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Lichen planopilaris

Author(s): Dr Delwyn Dyall-Smith FACD, Dermatologist, Australia, 2011. Updated: Dr Naya T. Hassan, Dermatology Resident, Syria. Copy edited by Gus Mitchell. Updated May 2022


Lichen planopilaris — codes and concepts
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What is lichen planopilaris?

Lichen planopilaris is an uncommon inflammatory condition that can lead to permanent hair loss. 

The disease is considered to be a form of lichen planus which affects the hair follicles. It results in patchy, progressive, permanent hair loss mainly on the scalp, although other hair bearing skin (brows, pubic, and body) may be affected. Several forms are recognised:

Lichen planopilaris

Who gets lichen planopilaris?

  • Lichen planopilaris usually affects young adult women, although the age range is wide and it can also affect men.
  • It commonly develops in association with lichen planus affecting the skin, mucosae, and nails.
  • Although lichen planopilaris is rare, it is one of the common causes of scarring hair loss of the scalp.

What causes lichen planopilaris?

The exact cause of lichen planopilaris is unknown. It is thought to be a cytotoxic autoimmune response to an unknown antigen located in hair follicles. The disease is rarely gene-related.  It is also rarely drug-induced e.g. pembrolizumab.

What are the clinical features of lichen planopilaris?

Lichen planopilaris typically presents as smooth white patches of scalp hair loss. No hair follicle openings can be seen in the areas of hair loss. Scale and redness surround each hair follicle at the edges of these patches, which may be spiny on palpation. Hairs can be easily pulled out. It is multifocal and small areas may merge to form larger irregular areas. 

Common sites of involvement are the sides, front, and lower back of the scalp. 

Symptoms are often absent, but they may include: 

  • Itch
  • Pain
  • Tenderness
  • Discomfort
  • Burning.

Lichen planopilaris is usually slowly progressive.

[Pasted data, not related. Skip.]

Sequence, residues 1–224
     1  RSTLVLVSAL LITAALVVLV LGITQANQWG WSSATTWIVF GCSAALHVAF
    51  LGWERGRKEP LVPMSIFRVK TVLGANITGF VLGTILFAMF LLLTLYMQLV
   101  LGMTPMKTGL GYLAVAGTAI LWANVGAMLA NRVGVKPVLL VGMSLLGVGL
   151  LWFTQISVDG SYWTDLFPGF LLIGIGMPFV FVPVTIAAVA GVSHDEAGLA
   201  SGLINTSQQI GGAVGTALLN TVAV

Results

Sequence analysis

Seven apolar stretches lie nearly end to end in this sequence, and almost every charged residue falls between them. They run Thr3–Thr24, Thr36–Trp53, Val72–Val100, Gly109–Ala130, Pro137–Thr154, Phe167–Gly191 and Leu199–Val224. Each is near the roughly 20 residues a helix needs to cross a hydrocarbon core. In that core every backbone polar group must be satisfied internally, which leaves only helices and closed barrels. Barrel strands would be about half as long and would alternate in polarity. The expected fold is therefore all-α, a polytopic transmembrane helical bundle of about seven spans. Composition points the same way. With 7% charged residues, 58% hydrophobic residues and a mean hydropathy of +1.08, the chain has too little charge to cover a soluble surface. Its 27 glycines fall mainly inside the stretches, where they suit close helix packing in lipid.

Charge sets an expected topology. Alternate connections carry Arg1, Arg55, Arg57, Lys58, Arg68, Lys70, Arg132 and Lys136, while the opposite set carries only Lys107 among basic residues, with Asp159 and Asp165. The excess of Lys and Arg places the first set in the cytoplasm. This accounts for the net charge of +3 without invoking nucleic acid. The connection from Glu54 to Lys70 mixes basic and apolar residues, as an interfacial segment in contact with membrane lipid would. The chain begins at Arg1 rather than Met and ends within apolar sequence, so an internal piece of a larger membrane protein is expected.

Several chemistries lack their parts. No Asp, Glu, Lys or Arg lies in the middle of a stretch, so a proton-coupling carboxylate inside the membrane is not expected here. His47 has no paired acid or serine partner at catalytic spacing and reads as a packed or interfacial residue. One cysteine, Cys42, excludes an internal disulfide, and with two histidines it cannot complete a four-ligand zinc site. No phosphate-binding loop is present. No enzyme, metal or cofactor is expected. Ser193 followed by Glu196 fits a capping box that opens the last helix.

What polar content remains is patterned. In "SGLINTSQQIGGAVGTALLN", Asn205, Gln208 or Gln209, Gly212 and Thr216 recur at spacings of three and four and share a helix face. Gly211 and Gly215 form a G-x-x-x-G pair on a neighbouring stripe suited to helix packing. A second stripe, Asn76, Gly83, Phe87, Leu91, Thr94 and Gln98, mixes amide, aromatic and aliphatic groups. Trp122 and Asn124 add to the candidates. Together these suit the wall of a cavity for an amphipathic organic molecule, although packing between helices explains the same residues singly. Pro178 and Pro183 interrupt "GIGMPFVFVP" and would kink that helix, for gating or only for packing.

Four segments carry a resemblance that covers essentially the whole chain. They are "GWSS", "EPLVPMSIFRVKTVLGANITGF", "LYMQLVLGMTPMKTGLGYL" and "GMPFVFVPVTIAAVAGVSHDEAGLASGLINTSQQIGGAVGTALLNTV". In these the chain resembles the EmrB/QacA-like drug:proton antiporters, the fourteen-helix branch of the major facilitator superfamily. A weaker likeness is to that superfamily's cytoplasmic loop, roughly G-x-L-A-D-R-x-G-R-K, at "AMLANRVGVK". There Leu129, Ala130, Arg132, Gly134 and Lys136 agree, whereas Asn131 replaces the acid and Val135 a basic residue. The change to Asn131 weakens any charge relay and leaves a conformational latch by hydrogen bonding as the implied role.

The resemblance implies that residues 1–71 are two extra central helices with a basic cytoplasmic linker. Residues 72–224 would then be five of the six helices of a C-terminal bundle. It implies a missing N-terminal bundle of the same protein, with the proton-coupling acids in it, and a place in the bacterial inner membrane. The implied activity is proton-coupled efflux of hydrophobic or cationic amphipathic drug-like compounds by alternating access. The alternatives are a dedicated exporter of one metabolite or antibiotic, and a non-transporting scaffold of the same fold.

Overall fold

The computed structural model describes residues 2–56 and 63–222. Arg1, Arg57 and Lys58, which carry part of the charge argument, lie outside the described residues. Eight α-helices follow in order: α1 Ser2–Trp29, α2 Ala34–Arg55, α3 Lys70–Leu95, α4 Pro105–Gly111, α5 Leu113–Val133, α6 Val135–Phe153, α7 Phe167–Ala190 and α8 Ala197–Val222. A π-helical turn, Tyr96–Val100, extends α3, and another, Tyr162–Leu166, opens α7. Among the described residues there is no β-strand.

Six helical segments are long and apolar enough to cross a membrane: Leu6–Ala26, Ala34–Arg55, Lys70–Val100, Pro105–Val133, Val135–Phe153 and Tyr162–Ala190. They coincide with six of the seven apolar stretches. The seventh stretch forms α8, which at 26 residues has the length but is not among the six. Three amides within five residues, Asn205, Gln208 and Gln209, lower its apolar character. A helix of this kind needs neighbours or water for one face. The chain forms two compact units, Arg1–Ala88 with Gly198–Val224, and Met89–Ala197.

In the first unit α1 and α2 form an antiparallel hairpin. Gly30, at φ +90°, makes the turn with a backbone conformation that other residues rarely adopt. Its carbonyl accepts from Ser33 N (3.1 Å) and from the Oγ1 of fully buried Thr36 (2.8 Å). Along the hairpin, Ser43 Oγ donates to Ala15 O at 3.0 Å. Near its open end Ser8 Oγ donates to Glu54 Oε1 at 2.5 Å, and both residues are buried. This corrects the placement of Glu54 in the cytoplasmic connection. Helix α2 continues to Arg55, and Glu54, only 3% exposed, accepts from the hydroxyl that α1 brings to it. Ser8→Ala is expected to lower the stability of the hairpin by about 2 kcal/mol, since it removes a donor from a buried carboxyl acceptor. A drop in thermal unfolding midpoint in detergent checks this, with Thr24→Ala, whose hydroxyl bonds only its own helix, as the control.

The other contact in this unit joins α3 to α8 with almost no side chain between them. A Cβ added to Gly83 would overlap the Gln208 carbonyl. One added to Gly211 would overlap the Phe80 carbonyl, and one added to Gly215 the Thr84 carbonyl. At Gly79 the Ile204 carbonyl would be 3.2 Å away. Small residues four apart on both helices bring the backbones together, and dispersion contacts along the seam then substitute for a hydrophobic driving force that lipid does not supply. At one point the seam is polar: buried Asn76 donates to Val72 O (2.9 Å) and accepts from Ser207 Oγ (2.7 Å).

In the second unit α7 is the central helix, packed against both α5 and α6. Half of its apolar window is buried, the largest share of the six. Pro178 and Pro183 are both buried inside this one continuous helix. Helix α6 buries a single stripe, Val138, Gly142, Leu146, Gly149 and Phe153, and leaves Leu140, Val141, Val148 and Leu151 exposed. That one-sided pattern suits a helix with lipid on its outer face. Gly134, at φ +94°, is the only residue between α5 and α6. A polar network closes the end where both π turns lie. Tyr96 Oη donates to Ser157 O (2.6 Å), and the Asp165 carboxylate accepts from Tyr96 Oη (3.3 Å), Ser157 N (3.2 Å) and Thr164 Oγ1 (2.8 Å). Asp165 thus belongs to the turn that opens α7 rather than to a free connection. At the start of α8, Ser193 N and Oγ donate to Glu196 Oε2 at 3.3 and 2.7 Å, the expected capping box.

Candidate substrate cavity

Diffuse hair loss is uncommon.

How do clinical features vary in differing types of skin?

The clinical features do not vary in differing skin types. 

What are the complications of lichen planopilaris?

How is lichen planopilaris diagnosed? 

Lichen planopilaris is suspected on the clinical presentation and careful examination of the mouth, nails, and skin for evidence of lichen planus elsewhere.

Trichoscopy reveals absent follicles, white dots, tubular perifollicular scale, and perifollicular erythema.

The diagnosis may be confirmed on scalp biopsy that includes hairs with surrounding redness and scale at the edge of an area of hair loss. Lichen planopilaris is an example of a primary lymphocytic folliculitis.

However, it is not always possible to make a diagnosis on biopsy. Where there is only patchy scarring, hair loss, and no evidence of inflammation, the diagnosis may not be able to be confirmed. 

What is the differential diagnosis for lichen planopilaris?

What is the treatment for lichen planopilaris?

Treatment should be sought and provided early, as no treatment restores hairs that have already been lost and replaced by scarring. The aim of treatment is to slow the progression of the disease and relieve symptoms. Hair loss may continue, although at a slower rate.

Anti-inflammatory treatment options include: